Cardinal whose tenure ended in disgrace

Born: March 17, 1938;

Died: March 19 2018

CARDINAL O’Brien, who has died aged 80, was the Roman Catholic Archbishop of St Andrews and Edinburgh from 1985 until his resignation in 2013, and only the fourth Scottish clergyman to have been appointed Cardinal since the Reformation.

The latter part of Keith O’Brien’s tenure was heavily overshadowed by accusations of sexual impropriety, some of which he admitted. O’Brien, after initially denying the claims, by three serving priests and one who had resigned his orders, conceded that his conduct had “fallen short of his duty as a priest, archbishop and cardinal”, and retired from the public life of the church in Scotland.

The question which had exercised the Vatican, and subsequently an apostolic visitation, was whether O’Brien’s liaisons were only a breach of his vow of chastity, or whether they amounted to sexual harassment. No definitive conclusion was reached, or at any rate published.

O’Brien had, in any case, tendered his resignation to Pope Benedict XVI in late 2012, shortly before his 75th birthday. But in February 2013, The Observer published allegations about O’Brien having made sexual advances towards several seminarians and priests after drinking sessions in the 1980s. After initial denials, O’Brien announced that he had already resigned, and that he would take no part in the election of Pope Benedict’s successor, becoming the first cardinal to recuse himself from the conclave.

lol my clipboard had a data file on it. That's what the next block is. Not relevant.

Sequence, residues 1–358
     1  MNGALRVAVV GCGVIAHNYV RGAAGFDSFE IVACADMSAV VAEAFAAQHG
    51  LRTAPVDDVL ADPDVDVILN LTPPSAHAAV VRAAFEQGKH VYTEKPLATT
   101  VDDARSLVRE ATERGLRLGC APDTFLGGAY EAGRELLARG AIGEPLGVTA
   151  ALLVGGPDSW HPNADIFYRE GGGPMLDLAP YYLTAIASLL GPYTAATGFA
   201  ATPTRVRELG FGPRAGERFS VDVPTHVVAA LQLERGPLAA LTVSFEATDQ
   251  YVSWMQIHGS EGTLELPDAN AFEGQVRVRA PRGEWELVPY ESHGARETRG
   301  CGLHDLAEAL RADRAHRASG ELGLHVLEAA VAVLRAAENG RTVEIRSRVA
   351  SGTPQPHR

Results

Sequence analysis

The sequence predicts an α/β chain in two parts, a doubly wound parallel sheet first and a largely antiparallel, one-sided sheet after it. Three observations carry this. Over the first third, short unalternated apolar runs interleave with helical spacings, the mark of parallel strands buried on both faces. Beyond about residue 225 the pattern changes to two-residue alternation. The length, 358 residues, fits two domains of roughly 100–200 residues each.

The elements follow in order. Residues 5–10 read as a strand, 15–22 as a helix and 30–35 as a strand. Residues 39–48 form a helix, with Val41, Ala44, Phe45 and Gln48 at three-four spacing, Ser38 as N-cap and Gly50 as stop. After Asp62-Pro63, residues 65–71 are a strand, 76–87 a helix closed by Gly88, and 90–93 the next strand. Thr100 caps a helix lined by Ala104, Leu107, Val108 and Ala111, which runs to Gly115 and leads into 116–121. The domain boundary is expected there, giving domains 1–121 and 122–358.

In March 2015, Pope Francis announced that O’Brien would no longer serve as an advisor or take any further part in the church’s governance. Though he nominally retained the title of Cardinal, he was ordered to spend his retirement outside Scotland.

This judgment satisfied no one: those who had complained about O’Brien’s misdeeds were aggrieved that he faced no further reckoning, with one saying that he “posed a danger to himself and others”. The extent of his misdemeanours were never made public. But the issue was not only whether O’Brien’s behaviour had been restricted, as some suspected, to the odd drunken fumble, or had been more predatory and serious. Concerns were also raised about whether his own failings had affected his actions when investigating allegations of sexual misconduct amongst other clergy.

Supporters of O’Brien were also upset by the failure to reach a conclusion. Richard Holloway, the former Primate of the Scottish Episcopal Church, declared that his “enforced exile” from Scotland was akin to the CIA’s “extraordinary rendition” of terrorist suspects, and that it breached international law.

Keith Michael Patrick O’Brien was born on St Patrick’s Day 1938 at Ballycastle in County Antrim, Northern Ireland, to Mark O’Brien and his wife Alice (née Moriarty). His father, who served with the Royal Navy, was posted to Faslane when Keith was still at primary school, and he grew up in Dalmuir, before attending St Patrick’s High School in Dumbarton. The family then moved to Edinburgh, where he continued his education at Holy Cross Academy.